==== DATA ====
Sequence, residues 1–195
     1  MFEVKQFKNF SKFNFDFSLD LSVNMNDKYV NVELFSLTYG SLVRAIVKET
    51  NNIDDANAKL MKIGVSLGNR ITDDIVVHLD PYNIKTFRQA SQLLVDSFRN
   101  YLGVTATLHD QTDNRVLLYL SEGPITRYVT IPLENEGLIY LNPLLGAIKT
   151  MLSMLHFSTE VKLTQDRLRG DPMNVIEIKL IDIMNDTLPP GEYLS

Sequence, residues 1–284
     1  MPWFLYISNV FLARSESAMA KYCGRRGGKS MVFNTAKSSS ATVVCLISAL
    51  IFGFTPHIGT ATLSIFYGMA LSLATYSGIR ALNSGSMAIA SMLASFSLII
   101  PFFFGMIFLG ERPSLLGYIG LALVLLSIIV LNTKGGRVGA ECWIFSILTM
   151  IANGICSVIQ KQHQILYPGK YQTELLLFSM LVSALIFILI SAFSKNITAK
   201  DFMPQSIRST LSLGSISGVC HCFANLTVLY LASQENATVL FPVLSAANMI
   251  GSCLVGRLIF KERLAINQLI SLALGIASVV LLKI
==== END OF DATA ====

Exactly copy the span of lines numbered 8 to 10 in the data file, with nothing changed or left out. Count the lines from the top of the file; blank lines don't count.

    51  IFGFTPHIGT ATLSIFYGMA LSLATYSGIR ALNSGSMAIA SMLASFSLII
   101  PFFFGMIFLG ERPSLLGYIG LALVLLSIIV LNTKGGRVGA ECWIFSILTM
   151  IANGICSVIQ KQHQILYPGK YQTELLLFSM LVSALIFILI SAFSKNITAK